The hotspot

But while vendors are caught up arguing over technologies, users are pressing ahead with exiting technologies. Paul Munnery, director of Wireless CNP, a provider of professional wireless infrastructure sees a “blurring” of WiFi’s traditional definition as an indoor, local-area technology. “Because it’s available now and WiMax isn’t, WiFi is filling the space in the metropolitan area that we were hoping and expecting [WiMax] to do,” he says. “WiFi is perfectly able to deliver the sort of services we need in a metropolitan area.”

At the British Library, head of estates and facilities John de Lucy had to overcome internal resistance in order to install a WiFi network, which has enabled readers to browse the Internet as they research its books. “I had no budget, and nobody particularly wanted to do it,” he says. “The IT department was not interested and didn’t want to deliver WiFi into staff services.”

“WiMax is different: it is a network designed specifically for data, not just a network that can be used for data.

Arvind Sodhani, Intel Capital

So de Lucy entered into a partnership with Building Zones, which built the infrastructure and took on the initial financial risk, on the basis that revenue derived from the network is shared between the two parties. After a free trial period, visitors can pay to use the service by the hour, day or month – and they do, in droves. At its peak, during August 2005, users were online for a total of 450,000 minutes. Each session can support up to 600 concurrent users, and the network is sufficiently robust to support VoIP calls without degrading other users’ experience.

The scheme is now profitable and the Library is “fast becoming a business meeting area,” says de Lucy, attracting many more people to its conference centre and café than it did before the WiFi network was installed. “Public libraries are missing a market for touchdown business sessions that could help them survive.”

Access all areas

Hitherto, the principal providers of WiFi have been service providers and aggregators like BT, T-Mobile and the Cloud. While the existing coverage of WiFi hotspots is still too patchy to ensure constant connections, these companies too are expanding their coverage. The Cloud, for example, has initiated a project to blanket the Canary Wharf area of London.

Under its Wireless Cities initiative, BT is working with six local authorities across the UK to deploy WiFi networks. As in Islington, these will be partially funded by the municipalities in order to boost mobile working for public sector workers, but then also opened up to local council residents, sometimes for free.

“The more private sector work there is, the less the council pays,” says Marc Meyohas, CEO of Cityspace, which implemented Islington’s wireless network. This is an arrangement that suits individuals but is not intended for businesses users as it “is not robust enough in bandwidth and there is no service level agreement”, he adds. Running VPN services that the itinerant businessman needs would be hard over Islington’s free network.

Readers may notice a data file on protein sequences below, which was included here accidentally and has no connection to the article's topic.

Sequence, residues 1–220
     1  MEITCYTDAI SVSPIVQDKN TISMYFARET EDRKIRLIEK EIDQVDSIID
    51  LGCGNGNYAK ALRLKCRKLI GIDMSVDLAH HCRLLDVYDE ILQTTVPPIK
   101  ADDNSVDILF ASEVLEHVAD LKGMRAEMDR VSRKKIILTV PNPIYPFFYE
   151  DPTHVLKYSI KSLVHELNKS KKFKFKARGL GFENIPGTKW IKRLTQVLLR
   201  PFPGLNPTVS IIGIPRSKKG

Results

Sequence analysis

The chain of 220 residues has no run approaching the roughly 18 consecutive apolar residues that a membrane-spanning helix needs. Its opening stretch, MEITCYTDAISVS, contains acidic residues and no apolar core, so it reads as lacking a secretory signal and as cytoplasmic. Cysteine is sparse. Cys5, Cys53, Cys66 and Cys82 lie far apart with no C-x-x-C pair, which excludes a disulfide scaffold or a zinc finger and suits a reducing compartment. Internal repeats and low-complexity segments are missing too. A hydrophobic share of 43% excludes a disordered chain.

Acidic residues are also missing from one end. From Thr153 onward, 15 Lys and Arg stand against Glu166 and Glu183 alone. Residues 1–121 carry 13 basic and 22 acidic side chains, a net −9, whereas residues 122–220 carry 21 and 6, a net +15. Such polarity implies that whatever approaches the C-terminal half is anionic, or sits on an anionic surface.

BT will work with councils to define their requirements, and then layer quality of service and additional applications onto the network for which it can charge consumers and businesses, says BT wireless chief Steven Evans. For example, location-based services could enable councils or business to track their employees’ movements.

However, councillors will be hoping that these projects do not go the way of Taipei’s metropolitan wireless network. The world’s largest and densest WiFi network, blanketing 90% of the population, has attracted just 1% of the population for the monthly $12.50 subscription since its launch in January 2006.

Evans dodges the question of whether this is a high-risk strategy for BT and its partnering councils: “It’s a very innovative venture,” he says. But BT has another string to its bow: its fixed-mobile convergence strategy. This will enable customers to make cheap mobile phone calls inside the office, using the local WiFi network, and use the same handset for cellular calls outside. BT hopes that customers will eventually be able to pay as little for calls they make in BT Openzone hotspots as they do in their BT-run office networks.

But can BT really compete when so much connectivity is being offered for free? The market is moving towards a free access model says Skip Taylor, VP of product marketing at Fiberlink, a provider of WiFi access and security services. “With the success of mobile data, WiFi hotspots now have competition.” Nevertheless, adds Taylor, research has found that the overall cost of mobility is still on the increase, because of the cost of providing secure access to corporate networks and applications.

Indeed, IDC predicts worldwide enterprise spending on wireless infrastructure and applications services, in their offices as well as outside, to increase at a compound annual growth rate of 12.5% between 2005 and 2010, when it will reach $56.7 billion.

If past form is anything to go by, this is a conservative estimate of just how much mobile working will take off in the coming years – whether enabled by 3G, WiFi, WiMax or a combination of all three.


Further reading in Information Age

Softly softly: Software defined radio future-proofs mobiles against protocol changes – July 2006

Ascot untethered: Wireless in the grandstand – June 2006

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Ben Rossi

Ben was Vitesse Media's editorial director, leading content creation and editorial strategy across all Vitesse products, including its market-leading B2B and consumer magazines, websites, research and...